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TCA Press Tour: Spike Lee goes back to the bayou in HBO documentary

Ifgodiswilling01
Harmonicas are humming. Beer spills over the rims of mugs. Out in the streets, people are joyous and chanting “Who dat?” on the streets of Miami, about 900 miles southeast of New Orleans, as the Saints win Super Bowl XLIV. Hope is in the air.

Not for long.

In 2006, Spike Lee showed us the aftermath of Hurricane Katrina in New Orleans in the Emmy-winning “When the Levees Broke: A Requiem in Four Acts.” In anticipation of the fifth “anniversary” of the cataclysmic incident, Lee and his crew have traveled back to the Crescent City to see what’s happened since (hint: a lot).

The product is the four-hour, two-part oeuvre, “If God is Willing and Da Creek Don’t Rise,” which is slated to air on HBO on Aug. 23 and 24.  But the scope of the documentary would end up surpassing the ramifications of that destructive August day in southeast Louisiana.

“It transcends just Katrina,” said Richard Plepler, co-president of HBO. “It deals with Haiti, the BP [oil] disaster....It’s a larger commentary than just New Orleans.”

Ifgodiswilling02 Lee had wrapped filming the documentary when the BP oil spill hit, prompting an additional seven trips. The film crew was there as late as two weeks ago because of the indictments in relation to the deaths of civilians on New Orleans’ Danziger Bridge.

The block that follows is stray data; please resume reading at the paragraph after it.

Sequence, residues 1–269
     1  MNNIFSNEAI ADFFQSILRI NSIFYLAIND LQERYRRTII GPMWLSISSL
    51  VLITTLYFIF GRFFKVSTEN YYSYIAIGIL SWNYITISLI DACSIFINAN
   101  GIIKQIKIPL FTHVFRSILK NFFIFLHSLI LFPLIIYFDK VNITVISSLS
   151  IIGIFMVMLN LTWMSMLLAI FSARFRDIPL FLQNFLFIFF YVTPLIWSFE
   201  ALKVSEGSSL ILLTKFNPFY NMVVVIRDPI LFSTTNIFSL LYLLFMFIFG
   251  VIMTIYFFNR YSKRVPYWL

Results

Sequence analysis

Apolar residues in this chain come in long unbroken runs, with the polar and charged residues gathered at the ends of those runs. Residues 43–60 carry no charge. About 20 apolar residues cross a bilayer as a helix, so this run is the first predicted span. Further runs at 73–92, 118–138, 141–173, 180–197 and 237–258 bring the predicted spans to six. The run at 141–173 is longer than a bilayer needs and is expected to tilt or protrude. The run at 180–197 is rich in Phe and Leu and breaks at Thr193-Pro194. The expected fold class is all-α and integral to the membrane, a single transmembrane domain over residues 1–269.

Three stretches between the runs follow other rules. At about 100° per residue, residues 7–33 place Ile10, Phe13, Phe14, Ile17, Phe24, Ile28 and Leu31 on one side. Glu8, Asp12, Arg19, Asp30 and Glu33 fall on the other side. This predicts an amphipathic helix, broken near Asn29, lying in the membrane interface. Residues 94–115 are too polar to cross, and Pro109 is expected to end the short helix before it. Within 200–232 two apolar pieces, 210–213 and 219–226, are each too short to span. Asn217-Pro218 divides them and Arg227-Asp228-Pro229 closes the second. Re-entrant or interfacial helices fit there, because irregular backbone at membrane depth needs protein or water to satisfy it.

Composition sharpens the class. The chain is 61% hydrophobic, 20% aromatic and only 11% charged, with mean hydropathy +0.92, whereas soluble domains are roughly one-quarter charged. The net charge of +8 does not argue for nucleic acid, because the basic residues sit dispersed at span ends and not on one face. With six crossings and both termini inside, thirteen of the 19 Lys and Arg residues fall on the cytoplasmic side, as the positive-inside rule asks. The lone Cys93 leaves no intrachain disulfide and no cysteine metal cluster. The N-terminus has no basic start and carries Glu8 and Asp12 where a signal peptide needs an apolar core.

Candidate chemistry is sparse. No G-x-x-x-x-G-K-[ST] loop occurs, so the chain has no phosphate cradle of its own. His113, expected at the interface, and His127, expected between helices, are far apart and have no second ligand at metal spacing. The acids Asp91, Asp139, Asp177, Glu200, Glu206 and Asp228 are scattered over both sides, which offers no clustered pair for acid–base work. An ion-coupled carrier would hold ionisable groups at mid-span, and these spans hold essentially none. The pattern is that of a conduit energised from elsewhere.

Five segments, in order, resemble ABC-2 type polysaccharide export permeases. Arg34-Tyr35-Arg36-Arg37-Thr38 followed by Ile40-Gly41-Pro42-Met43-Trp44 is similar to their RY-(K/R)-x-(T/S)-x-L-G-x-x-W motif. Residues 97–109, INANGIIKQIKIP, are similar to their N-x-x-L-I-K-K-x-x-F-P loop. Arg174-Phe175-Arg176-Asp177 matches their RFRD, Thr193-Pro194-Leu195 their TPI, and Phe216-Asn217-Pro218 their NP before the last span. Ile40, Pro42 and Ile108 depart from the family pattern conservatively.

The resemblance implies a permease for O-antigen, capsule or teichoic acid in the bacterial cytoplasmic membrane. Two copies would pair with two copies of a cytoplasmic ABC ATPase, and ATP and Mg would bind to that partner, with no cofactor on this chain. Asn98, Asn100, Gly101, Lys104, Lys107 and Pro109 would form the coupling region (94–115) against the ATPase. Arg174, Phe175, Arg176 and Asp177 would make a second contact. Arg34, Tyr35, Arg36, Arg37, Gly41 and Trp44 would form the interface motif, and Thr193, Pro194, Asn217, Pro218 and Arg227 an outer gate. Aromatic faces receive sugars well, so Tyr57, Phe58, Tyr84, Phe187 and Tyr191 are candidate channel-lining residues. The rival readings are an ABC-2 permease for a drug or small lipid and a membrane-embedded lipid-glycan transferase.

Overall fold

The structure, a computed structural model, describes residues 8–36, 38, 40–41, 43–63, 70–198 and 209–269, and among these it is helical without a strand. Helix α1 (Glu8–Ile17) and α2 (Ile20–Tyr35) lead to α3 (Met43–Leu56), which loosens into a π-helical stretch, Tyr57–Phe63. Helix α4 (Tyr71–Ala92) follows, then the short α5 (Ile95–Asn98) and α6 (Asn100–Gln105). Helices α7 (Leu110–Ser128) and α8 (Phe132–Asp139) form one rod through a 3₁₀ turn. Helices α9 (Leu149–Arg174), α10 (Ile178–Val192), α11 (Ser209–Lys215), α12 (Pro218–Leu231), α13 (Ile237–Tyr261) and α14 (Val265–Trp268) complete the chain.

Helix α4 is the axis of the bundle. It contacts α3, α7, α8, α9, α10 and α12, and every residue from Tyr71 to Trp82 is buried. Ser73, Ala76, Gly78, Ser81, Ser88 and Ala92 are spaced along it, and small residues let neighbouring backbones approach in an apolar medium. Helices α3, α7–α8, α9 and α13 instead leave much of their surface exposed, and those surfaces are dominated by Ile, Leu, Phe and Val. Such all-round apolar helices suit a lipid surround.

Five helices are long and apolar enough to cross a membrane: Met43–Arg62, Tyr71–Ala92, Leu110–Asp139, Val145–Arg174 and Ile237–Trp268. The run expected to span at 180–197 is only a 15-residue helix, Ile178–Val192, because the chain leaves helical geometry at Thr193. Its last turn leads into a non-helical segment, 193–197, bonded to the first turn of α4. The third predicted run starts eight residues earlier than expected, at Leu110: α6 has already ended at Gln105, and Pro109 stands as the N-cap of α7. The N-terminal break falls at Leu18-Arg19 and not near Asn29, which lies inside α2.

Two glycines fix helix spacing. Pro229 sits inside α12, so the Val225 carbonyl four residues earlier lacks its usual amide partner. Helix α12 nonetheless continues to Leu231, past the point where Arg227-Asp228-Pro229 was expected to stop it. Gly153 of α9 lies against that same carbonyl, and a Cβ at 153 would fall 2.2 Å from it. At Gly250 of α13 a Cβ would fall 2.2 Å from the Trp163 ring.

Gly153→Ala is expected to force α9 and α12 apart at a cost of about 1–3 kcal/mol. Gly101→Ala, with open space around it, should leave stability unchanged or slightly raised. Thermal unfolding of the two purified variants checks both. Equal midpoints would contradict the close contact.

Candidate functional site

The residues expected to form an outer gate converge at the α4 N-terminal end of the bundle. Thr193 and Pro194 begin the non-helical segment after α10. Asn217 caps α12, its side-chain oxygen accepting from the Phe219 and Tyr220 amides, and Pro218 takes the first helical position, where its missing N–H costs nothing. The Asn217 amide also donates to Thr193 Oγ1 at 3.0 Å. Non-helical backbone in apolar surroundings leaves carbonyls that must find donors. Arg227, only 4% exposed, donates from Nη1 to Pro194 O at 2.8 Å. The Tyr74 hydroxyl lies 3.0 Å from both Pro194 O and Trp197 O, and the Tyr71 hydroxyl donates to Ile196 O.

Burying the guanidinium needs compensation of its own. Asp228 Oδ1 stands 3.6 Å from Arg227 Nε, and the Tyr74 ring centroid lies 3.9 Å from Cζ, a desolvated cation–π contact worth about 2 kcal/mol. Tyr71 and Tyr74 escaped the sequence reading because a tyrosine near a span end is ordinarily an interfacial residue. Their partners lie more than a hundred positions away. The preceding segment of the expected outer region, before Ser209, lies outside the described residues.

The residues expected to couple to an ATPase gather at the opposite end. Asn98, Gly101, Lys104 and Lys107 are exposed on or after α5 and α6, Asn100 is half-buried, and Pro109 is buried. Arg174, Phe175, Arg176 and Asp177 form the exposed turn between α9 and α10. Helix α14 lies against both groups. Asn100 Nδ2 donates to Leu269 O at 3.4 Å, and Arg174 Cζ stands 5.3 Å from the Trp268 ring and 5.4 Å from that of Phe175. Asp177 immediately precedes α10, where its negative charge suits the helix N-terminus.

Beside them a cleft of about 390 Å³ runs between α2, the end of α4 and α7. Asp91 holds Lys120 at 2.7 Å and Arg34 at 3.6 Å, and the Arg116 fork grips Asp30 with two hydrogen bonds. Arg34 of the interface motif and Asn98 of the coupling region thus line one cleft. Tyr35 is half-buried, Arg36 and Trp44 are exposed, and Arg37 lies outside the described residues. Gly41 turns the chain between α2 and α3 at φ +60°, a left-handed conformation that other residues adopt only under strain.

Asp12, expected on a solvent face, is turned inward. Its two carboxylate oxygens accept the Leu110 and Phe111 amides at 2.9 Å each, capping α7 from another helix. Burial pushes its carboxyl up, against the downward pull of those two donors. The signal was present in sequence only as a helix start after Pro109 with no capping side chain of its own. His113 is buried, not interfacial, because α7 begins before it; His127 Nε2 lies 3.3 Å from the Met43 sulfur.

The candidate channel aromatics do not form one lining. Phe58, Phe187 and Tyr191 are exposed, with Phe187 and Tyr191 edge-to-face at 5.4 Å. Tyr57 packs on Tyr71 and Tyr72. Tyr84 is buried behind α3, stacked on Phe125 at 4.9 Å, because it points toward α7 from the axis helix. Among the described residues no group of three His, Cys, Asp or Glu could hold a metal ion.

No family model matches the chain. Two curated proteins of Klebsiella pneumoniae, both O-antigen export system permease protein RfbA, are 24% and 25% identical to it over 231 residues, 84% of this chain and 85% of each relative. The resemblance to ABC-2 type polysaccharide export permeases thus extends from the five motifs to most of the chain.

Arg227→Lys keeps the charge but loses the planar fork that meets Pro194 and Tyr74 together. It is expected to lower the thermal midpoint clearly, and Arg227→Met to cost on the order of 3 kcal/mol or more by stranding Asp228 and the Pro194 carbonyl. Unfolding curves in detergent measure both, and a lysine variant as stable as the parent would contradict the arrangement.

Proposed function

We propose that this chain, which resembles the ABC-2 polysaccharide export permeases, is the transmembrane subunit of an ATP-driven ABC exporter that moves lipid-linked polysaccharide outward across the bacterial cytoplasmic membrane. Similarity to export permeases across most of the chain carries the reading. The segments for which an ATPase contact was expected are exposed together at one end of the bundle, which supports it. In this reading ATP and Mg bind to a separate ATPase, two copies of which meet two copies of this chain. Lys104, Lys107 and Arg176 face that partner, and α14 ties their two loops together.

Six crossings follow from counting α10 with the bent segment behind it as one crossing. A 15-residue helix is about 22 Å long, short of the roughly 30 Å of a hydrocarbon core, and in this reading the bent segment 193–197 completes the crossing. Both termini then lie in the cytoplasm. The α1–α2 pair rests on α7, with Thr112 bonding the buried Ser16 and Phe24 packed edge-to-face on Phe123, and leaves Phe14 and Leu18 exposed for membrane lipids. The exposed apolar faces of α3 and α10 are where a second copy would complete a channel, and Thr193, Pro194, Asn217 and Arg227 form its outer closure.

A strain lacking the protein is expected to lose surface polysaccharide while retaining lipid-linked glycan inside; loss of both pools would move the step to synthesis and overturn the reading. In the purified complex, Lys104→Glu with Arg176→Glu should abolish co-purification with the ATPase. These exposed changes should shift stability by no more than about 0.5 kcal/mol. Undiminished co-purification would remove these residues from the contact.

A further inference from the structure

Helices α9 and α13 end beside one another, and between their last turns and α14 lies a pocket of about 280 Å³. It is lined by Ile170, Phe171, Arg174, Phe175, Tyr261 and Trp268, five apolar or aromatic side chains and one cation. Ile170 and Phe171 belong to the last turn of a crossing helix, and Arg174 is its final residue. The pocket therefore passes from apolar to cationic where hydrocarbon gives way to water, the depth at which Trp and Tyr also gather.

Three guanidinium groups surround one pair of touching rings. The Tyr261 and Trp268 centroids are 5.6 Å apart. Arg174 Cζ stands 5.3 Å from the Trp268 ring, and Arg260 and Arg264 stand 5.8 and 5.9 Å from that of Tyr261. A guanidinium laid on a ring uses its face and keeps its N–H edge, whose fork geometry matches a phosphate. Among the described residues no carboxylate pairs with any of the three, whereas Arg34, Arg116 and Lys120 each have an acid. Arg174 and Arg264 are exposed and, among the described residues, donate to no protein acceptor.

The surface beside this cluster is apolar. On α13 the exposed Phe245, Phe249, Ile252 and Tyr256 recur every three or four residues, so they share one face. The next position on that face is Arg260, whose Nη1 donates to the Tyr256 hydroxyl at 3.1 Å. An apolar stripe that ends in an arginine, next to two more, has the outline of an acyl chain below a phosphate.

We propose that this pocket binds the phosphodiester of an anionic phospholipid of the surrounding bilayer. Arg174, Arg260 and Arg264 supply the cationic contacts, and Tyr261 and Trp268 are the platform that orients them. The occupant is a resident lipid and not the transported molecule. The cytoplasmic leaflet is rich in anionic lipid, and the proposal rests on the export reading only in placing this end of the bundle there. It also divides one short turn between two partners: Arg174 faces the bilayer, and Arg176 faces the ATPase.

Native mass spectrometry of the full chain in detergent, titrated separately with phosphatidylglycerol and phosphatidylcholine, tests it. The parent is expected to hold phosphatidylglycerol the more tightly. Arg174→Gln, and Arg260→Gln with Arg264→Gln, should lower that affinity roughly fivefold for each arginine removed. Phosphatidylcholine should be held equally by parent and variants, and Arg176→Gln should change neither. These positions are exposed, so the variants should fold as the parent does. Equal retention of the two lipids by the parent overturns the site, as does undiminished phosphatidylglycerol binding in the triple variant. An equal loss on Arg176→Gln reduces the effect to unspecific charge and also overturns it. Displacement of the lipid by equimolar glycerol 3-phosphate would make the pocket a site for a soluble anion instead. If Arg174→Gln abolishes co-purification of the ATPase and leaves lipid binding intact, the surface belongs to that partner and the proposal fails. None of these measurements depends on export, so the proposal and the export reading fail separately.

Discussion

“We had to rethink everything,” Lee said.

Lee visits Houston, where an estimated 150,000 New Orleans evacuees remain. He looks at the FBI’s investigations into allegations of violence and coverups in the New Orleans Police Department. He captures the celebrations surrounding the Saints Super Bowl victory. And he assesses the impact of the torrents of oil unleashed into the gulf -- one thing that does perplex Lee is where all the BP oil went: "I don't care how many scientists BP buys, that oil did not disappear," Lee said.

While it’s noble for celebrities to get involved in humanitarian causes, Lee said there might be a limit to their effectiveness. While he praised Sean Penn’s efforts in Haiti, he was more skeptical about Wyclef Jean’s announcement to run for president there.

“I only know Wyclef as a musician....Whether he’s a politician or not is something else,” Lee said.

Maybe he’d give Penn his vote.

“He’s left everything here and just moved to Haiti,” Lee said. “He’s not living in a palace. He’s living in a tent; I know cause I slept three nights there. This is like tent, tent, tent.”

--Yvonne Villarreal
twitter.com/villarrealy

Photos: (Top) Phyllis Montana-Leblanc. (Bottom) Spike Lee. Credit: David Lee / HBO

 
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So Spike Lee values the white man Sean Penn's 6 month "charity" work in Haiti instead of one of Haiti's own black sons who's been doing work there for years coming home and saying, Haiti I am going to show you how to fish instead of people coming around once in a while giving you charity and crumbs from the table. There's something wrong with that and its the reason the black race is in the shape we're in. When not in Haiti, does not Sean Penn live in luxury in Malibu? How hypocritical. Wyclef was born in a hut and lived in it for 9 years in one of the poorest countries in the world. We don't want him coming back to live in a tent/hut. That won't be inspirational to us Haitian people. We want to see him in his jet, it shows us that one of our sons has made it.


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